Should prisoners have access to books?

The bees are buzzing around my bonnet today. Earlier I had a bit of a go at Danny Alexander for falling in with the Better Together dourness in the Scottish Referendum campaign. Now, I have Chris Grayling in my sights. The Justice Secretary, under the guise of making the prisoners’ incentive scheme more “effective” has banned a number of things. The issue being given most prominence is that prisoners can no longer be sent books. The Howard League for Penal Reform’s Chief Executive Frances Crook condemned the change at Politics.co.uk:

Book banning is in some ways the most despicable and nastiest element of the new rules. Prison libraries are supplied and funded by local authorities and have often been surprisingly good, but so many libraries are now closing and cutting costs that inevitably the first service to feel the pinch is in prison.

An inspection report published on March 18th on Wetherby prison, which holds 180 young boys, praised the jail for only containing the children in their cells for 16 hours a day during the week and 20 hours a day at weekends. Whilst many will not want to read a book to pass these endless hours, many boys I have met in prison do indeed read avidly.

I did a bit of digging, but all I unearthed was the official Ministry of Justice statement which rather sniffily suggested that it was all fine because prisoners can have 12 books at any one time. And they can buy them with the funds they earn every week for their prison work.They said:

The notion we are banning books in prisons is complete nonsense. All prisoners can have up to 12 books in their cells at any one time, and all prisoners have access to the prison library.

Under the Incentives and Earned Privileges scheme, if prisoners engage with their rehabilitation and comply with the regime they can have greater access to funds to buy items including books.

I’ve been looking up the Ministry of Justice guidelines on prison libraries. Prisoners have to be able to access them for at least half an hour a week. There should be at least 10 books per prisoner with an assumption that books will last for 5 years before being replaced. If you’re locked up for 20 hours a day, I can’t imagine that that is going to keep you going for particularly long.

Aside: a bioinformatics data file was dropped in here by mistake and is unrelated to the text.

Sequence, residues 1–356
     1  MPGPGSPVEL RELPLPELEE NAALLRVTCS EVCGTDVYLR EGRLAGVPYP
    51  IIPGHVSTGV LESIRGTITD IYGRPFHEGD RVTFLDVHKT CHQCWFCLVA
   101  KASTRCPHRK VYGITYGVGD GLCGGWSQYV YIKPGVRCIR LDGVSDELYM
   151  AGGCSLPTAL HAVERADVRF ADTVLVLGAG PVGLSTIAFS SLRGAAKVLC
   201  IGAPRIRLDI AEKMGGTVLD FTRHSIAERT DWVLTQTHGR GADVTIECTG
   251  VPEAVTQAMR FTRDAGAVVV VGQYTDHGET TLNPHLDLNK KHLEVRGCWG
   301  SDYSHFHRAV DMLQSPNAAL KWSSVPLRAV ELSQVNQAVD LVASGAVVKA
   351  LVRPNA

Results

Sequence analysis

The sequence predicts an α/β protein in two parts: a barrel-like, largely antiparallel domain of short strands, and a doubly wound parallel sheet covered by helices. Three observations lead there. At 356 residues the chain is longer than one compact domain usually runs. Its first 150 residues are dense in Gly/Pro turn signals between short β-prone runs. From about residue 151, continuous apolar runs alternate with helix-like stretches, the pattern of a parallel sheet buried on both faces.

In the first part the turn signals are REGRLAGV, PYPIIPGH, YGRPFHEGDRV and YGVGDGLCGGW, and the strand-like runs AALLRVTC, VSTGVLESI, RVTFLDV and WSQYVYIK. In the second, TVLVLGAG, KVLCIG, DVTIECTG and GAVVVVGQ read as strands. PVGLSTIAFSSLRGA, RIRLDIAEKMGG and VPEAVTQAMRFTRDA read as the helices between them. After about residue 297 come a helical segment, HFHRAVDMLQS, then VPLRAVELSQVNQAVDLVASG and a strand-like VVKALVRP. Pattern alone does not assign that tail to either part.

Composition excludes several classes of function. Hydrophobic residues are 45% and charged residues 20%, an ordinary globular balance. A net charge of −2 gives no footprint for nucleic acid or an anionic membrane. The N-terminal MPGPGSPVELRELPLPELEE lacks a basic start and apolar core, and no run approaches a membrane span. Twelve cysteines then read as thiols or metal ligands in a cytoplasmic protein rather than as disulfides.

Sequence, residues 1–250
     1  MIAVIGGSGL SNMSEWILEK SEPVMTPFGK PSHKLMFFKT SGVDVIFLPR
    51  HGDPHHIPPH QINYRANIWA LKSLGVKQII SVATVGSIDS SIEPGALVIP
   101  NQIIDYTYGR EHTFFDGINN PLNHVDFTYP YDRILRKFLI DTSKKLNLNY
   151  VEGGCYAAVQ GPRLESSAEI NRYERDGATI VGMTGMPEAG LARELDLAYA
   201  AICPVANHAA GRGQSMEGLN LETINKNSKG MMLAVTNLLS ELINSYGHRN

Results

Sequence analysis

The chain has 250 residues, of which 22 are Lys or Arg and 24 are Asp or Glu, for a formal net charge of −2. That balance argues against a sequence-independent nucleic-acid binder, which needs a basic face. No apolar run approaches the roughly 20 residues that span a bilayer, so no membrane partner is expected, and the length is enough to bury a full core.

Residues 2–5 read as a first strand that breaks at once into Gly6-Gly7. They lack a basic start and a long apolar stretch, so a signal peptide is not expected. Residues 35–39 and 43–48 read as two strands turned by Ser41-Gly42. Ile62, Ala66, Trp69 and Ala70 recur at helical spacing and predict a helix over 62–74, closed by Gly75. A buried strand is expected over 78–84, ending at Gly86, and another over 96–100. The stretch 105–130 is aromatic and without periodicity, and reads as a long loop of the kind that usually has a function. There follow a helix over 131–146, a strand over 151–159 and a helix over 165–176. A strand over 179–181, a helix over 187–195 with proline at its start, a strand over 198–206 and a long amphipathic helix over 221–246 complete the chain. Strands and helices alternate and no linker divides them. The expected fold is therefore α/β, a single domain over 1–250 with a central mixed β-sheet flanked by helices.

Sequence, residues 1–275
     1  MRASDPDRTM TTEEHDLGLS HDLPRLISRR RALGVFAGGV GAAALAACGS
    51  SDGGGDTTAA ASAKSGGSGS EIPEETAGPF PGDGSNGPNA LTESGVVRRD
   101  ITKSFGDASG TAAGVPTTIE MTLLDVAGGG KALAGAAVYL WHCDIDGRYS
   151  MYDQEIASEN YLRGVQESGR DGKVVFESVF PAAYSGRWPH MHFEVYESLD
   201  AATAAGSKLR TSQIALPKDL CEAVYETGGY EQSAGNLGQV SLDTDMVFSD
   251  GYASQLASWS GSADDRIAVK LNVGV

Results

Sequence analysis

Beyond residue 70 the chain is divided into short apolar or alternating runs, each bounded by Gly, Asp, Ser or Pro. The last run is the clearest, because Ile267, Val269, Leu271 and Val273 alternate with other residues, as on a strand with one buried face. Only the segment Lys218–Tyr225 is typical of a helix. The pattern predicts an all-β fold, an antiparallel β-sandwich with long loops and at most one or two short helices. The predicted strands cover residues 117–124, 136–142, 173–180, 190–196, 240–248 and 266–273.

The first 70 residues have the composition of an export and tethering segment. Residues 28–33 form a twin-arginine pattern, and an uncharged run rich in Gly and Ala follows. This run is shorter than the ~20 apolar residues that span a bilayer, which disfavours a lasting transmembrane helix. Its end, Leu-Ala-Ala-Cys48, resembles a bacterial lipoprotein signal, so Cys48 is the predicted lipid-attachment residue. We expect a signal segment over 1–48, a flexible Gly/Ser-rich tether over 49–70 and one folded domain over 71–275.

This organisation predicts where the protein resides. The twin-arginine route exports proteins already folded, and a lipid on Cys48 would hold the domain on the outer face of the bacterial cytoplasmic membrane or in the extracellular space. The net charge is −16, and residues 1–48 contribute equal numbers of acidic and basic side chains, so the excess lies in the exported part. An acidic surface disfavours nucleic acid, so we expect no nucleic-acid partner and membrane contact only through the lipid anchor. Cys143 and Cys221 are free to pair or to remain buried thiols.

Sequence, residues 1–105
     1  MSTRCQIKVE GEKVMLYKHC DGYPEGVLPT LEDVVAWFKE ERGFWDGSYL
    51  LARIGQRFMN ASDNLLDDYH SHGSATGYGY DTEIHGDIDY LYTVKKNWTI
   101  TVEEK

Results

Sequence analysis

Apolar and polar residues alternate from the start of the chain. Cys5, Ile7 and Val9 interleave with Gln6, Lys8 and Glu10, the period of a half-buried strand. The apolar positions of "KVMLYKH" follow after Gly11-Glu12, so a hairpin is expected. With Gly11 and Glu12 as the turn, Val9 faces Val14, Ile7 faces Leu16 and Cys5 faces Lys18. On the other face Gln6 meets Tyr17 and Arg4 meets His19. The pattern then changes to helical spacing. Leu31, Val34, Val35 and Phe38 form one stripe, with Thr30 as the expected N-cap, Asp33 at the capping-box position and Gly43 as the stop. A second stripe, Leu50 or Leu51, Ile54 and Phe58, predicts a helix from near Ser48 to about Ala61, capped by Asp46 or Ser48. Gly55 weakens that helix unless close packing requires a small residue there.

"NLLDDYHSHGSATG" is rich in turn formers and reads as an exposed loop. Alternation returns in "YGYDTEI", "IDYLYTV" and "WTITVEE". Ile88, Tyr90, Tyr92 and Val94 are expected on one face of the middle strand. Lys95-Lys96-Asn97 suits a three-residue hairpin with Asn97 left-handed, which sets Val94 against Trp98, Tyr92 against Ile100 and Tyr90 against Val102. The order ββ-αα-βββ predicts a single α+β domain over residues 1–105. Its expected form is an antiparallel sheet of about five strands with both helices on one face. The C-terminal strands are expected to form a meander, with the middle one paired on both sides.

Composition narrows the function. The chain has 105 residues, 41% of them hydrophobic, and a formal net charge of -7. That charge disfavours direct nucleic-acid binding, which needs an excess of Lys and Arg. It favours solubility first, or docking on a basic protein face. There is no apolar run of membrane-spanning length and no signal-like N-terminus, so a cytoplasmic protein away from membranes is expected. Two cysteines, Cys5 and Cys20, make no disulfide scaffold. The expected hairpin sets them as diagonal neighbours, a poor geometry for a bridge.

If we can’t send books in to prisoners, maybe we should donate them to prisoners instead, just to make a point to Mr Grayling, as well as to widen the stock available to prisoners. Here’s a list of all the prisons in England and Wales. Choose one near you. Pick something off your bookshelf that you don’t need and send it in for their library.

Ah, but hang on a bit. What if the prisoners need a specific book? My Marian Keyes novel or James Carville polemic on US election campaigning will not be much help if they actually need a copy of Catcher in the Rye for their GCSE English course. My internet wanderings took me to Haven, a charity which last year sent over 1700 specific books to help prisoners. Their annual report has some letters from the prisoners who have benefitted, like this one:

I’d like to thank you for sending me the Plumbing Revision Guide. This book proved to be a very valuable asset to me, as I achieved my levels 2 & 3 plumbing qualifications. I feel very grateful towards Haven Distribution, as without your charity, I’d have struggled to afford to buy this book myself as a serving prisoner.

Once you’ve taken a breath and got over the rage that these essential books or their courses aren’t supplied by the educational services within the prison, you have to wonder what prisoners like him are going to do now. Are we actually serious about rehabilitation or are we not? If prisoners can’t access what they need to rehabilitate themselves, then surely their chances of re-offending must go up.

Now, the book thing has all the attention and a petition and writers going mad about it. There are arguably worse elements to Grayling’s reforms. Back to Frances Crook:

Last November new rules were introduced so that families are no longer permitted to send in small items to prisoners. Children are not allowed to send a homemade birthday card…

The rules apply to clothing too. Prisoners are no longer permitted to have underwear sent in and so have to wear pants and socks worn by many other people. Women prisoners are particularly hard hit by this rule as they are not provided with a uniform and are dependent on family for underwear and outerwear. If underwear cannot be sent in, women are forced to wear the same pants and bras for months.

The punishment bit of prison is deprivation of liberty. That’s it. What on earth harm is it to allow a 5 year old to make a birthday card for their mummy or daddy in prison? Surely the thought they put into it can only strengthen that bond while their parent is gone. And are we so mean spirited that we don’t think prisoners deserve that teary, pride-filled moment as they take in the glitter-splattered creation?

You’ve probably guessed that my answer to the question I asked is an unequivocal yes. Books are an essential part of life for me. They provide solace, knowledge, a workout for the imagination and, yes, distraction. Grayling needs to be careful about restricting too many of life’s essentials or he may well end up with riots on his hands.

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About caronlindsay

Scottish Lib Dem pro UK activist, mum, Doctor Who, Strictly, F1 and trashy tv addict and blogger.
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